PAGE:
There was quite a short discussion of the MFF at the European Council, but it was discussed in great detail at the General Affairs Council I attended earlier in the week. This is the first time the General Affairs Council met with new figures put in place - the new negotiating box with the figures by the Finnish Presidency. On the whole, Ireland was probably somewhat more satisfied with the proposals than most member states. However, there are still some significant areas of concern for us, the main one being that the Common Agricultural Policy, CAP, proposals still see a reduction. While there was a proposal to increase the Pillar 2 payments by €10 billion, there was still a cut to Pillar 1. We will naturally pay more as a country because we will be net contributors for the full term. We have consistently said we could pay above and beyond that, but not if the more traditional priorities as we see them, including CAP, Cohesion, Horizon and other such areas, are being cut.
I personally engaged with my Finnish counterpart on the €1 billion fund. It was proposed that the European Commission would provide €60 million per year, with matched funding by the Irish and UK Governments. Over the lifetime of the seven-year budget, that would amount to just under €700 million. Through discussions, we were able to achieve an increase to a contribution of €100 million from the European Commission, which with matched funding from the Irish and UK Governments would bring it to almost €1 billion over the lifetime of the fund. I would be confident that that funding will remain in place as proposed.
In the context of Brexit, given the significant impact the PEACE programme has had already, the next phase of PEACE will be equally important. A significant amount of work remains to be done on reconciliation and bringing communities together.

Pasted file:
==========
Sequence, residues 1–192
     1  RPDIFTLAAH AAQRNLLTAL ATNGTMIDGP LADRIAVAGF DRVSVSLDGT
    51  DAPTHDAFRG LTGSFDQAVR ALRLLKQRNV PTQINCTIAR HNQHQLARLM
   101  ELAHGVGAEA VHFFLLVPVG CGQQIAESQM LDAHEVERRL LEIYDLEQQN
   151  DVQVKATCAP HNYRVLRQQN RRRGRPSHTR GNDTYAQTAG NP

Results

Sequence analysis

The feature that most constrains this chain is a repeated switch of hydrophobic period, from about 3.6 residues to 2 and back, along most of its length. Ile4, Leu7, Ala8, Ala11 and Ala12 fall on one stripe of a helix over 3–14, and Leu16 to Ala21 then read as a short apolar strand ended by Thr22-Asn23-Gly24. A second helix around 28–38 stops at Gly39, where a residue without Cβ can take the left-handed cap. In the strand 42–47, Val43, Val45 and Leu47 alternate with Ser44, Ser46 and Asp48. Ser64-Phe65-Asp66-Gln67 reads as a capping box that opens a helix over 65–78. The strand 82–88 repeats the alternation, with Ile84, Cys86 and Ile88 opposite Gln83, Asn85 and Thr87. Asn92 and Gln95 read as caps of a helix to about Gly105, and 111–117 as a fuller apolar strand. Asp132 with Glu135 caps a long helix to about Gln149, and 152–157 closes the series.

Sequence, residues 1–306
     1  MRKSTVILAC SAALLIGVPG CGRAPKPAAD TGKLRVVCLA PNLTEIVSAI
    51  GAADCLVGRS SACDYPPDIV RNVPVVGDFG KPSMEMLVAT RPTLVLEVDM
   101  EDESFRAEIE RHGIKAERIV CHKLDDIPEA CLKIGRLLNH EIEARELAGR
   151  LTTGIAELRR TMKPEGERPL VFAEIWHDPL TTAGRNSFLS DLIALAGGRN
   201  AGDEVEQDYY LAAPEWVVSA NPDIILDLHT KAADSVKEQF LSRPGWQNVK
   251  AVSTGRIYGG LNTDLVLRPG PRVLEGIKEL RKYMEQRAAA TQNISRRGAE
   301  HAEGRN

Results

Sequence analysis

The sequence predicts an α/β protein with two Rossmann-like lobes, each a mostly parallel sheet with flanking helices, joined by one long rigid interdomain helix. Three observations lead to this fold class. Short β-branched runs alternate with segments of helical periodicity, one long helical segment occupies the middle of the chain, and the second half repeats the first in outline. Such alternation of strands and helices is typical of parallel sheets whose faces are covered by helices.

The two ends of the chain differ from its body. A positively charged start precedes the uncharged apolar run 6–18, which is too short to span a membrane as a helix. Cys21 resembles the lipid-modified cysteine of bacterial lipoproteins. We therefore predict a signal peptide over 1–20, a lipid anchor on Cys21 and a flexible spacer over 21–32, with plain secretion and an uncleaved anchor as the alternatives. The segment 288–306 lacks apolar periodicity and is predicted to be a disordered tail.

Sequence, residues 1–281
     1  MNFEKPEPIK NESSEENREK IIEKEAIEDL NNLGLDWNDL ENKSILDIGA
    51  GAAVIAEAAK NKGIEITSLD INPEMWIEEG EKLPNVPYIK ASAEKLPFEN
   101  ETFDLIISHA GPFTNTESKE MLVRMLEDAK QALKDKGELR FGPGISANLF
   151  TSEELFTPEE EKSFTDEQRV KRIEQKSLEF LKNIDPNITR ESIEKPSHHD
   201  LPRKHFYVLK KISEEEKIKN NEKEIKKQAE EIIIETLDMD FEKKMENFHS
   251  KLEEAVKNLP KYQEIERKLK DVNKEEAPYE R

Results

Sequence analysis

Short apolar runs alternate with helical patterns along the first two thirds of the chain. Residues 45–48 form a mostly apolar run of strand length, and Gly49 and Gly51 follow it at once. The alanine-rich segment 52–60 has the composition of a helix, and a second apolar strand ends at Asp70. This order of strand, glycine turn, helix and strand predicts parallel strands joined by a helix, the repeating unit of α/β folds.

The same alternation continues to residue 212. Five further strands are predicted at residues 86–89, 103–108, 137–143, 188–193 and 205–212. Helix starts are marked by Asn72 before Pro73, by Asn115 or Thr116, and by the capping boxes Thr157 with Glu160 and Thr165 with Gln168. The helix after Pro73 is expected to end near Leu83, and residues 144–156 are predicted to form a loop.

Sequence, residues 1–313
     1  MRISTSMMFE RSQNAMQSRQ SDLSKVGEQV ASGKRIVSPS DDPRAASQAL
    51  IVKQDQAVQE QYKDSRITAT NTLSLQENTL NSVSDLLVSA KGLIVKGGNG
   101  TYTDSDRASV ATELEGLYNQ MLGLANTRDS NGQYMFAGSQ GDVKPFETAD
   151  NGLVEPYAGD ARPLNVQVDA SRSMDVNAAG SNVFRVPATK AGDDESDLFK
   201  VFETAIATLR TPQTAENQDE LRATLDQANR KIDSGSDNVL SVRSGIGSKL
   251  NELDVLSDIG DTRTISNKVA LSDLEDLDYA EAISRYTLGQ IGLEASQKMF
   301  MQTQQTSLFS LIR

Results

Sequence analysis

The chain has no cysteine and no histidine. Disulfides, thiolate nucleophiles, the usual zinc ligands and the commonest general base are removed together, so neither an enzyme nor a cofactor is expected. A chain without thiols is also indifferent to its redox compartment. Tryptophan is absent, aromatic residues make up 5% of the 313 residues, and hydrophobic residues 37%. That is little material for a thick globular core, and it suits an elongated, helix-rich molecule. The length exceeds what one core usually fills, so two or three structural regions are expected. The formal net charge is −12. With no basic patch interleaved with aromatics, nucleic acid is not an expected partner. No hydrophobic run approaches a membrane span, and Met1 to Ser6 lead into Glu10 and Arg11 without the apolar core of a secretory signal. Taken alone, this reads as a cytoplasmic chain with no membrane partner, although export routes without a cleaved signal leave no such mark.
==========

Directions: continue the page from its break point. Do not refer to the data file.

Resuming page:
We also support other things, including allocating 25% of the overall budget to climate change, the rule of law mechanism and own resources. We are looking at plastic, which obviously is a self-depreciating fund, but something we are willing to look at.
The conference is something that has stemmed out of the future of Europe debate in which Deputy Haughey and many other Deputies present took part. Our own priorities as a Government fed into the new strategic agenda which the Commission and the new College of Commissioners are now tasked with implementing. I would like to see that implemented through people-to-people contact. We should focus mainly on implementing the strategic agenda as it has been laid out while also looking at other areas. The Croatian Presidency starting in January has been asked to work towards defining a position with all the member states, looking at the content, scope, composition and functioning of such a conference. Obviously, we would hope to play our part and make a contribution to how that will be defined.
Most importantly, this will happen not just from a Council point of view but working with the European Parliament and the Commission. Most importantly, we need to ensure that everything we do feeds back to the citizens because this should all be about engaging with people and ensuring that the work we are doing is based on the work they want us to do.